Calfrac Well Services job cuts deepen; 1,700 fewer staff in North America - Calgary Herald: More cuts in its U.S. division have reduced the North American workforce of Calfrac Well Services Ltd. by about 1,700 since the end of 2014, the company said Wednesday, as it unveiled a fourth-quarter net loss of $141 million. In a news release, Calfrac said its U.S. workforce has now been slashed by 60 per cent since the end of 2014, an increase from the 50 per cent it disclosed in October. It said its Canadian workforce is 40 per cent smaller, the same percentage as in October. Spokeswoman Ashley Connolly later said the Canadian workforce has fallen by 643 positions, from 1,565 to 922, and Calfrac’s corporate workforce is off by 14 jobs, from 143 to 129. Its U.S. head count is 694, down 1,042 from 1,736 at the end of 2014. “Retaining key employees has always been a keen focus for the company but, unfortunately, with the current downturn shaping up to be the worst in decades, the company has had to make some difficult decisions in order to position itself to survive in this environment, and has been forced to let go of some of its long-standing employees,” president and chief executive Fernando Aguilar said on a conference call. Later, he said the company will continue to “aggressively” control costs. “Where we don’t see activity happening in front of us, we will park equipment, for sure,” he said in response to an analyst’s question. “If activity is not happening, as we know, then more people will have, unfortunately, to leave the company.”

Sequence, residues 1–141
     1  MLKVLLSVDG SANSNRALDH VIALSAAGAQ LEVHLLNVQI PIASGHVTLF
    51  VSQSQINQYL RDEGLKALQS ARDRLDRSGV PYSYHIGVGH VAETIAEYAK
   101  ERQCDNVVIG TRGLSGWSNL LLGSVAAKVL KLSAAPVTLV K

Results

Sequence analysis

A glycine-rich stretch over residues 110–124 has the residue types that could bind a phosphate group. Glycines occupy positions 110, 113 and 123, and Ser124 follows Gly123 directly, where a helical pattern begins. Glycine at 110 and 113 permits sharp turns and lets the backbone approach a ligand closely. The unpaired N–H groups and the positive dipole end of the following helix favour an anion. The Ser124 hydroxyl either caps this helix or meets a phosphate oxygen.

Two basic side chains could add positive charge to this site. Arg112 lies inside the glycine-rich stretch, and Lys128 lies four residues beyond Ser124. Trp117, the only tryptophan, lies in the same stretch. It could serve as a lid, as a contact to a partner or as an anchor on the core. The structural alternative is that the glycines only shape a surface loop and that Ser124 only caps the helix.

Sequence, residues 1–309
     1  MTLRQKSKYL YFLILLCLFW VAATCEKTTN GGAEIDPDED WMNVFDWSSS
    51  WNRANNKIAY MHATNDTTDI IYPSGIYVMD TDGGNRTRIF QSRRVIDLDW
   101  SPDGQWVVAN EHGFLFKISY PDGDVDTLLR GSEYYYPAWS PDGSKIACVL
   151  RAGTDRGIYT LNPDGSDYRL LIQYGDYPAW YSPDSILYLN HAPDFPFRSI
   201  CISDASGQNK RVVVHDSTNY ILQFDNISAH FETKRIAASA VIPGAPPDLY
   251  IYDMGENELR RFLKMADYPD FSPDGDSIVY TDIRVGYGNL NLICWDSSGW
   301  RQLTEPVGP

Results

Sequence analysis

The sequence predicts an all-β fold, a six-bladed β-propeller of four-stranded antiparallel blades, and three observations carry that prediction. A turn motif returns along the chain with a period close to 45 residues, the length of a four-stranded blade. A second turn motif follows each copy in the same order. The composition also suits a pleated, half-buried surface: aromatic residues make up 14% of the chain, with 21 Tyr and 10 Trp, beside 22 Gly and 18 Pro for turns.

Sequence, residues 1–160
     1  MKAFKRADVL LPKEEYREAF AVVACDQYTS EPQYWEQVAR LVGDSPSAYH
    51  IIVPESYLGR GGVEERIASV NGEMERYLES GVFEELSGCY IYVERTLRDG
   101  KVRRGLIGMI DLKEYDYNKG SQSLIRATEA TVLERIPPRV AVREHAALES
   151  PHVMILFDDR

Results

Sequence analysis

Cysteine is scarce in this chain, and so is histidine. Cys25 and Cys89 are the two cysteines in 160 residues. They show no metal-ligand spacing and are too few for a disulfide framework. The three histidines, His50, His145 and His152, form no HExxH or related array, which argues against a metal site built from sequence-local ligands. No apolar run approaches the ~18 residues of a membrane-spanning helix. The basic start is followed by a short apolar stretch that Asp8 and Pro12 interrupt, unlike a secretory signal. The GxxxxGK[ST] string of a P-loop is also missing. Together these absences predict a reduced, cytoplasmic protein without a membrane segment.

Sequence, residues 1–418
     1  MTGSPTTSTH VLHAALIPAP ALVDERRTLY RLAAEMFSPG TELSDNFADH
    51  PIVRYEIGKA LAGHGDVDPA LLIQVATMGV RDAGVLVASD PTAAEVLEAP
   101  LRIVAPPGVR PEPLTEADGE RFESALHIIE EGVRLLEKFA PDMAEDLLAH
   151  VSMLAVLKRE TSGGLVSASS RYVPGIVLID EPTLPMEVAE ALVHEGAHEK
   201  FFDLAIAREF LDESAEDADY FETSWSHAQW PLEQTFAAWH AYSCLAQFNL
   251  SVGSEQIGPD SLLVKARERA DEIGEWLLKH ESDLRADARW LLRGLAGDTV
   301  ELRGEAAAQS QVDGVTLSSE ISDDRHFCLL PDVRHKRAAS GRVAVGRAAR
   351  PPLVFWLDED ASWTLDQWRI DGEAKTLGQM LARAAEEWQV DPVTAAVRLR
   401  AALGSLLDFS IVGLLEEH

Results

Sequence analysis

Growth in domestic natural gas production leads to development of LNG export terminals - Today in Energy - U.S. Energy Information Administration (EIA)  The first export shipment of liquefied natural gas (LNG) produced in the Lower 48 states on February 24 is a milestone reflecting a decade of natural gas production growth that has put the United States in a new position in worldwide energy trade. With the rapid growth of supply from shale gas resources over the past decade, U.S. natural gas production has grown each year since 2006. The resulting decline in domestic natural gas prices has led to rising natural gas exports, both via pipeline to Mexico and, since last week, to overseas markets via LNG tankers.  The United States is currently a net importer of natural gas, and gross imports represented nearly 10% of total supply in 2015, based on data through November. The United States imported 7.5 billion cubic feet per day (Bcf/d) of natural gas, mostly from Canada by pipeline, and exported 4.8 Bcf/d, mostly to Mexico by pipeline. For years, Alaska has exported LNG, mostly to Pacific Rim countries, but these volumes have been small. In addition to the Sabine Pass terminal that was the source of last week's LNG shipment, four other LNG export terminals are currently under construction.  When natural gas is cooled to -260 degrees Fahrenheit, it becomes a liquid that is 1/600th of its gaseous volume, making it easier to transport via vessel. The U.S. Gulf Coast has a large existing pipeline network, which makes the area attractive for developing export terminals. Many of the LNG export terminals now under construction or proposed are at sites that have functioned, and may continue to function, as LNG import terminals. Several LNG import terminals were built in the 1970s, and a new wave of terminals was constructed in the mid- to late-2000s. As domestic production increased, LNG imports declined, as many new terminals were barely used and the utilization rates of older terminals declined.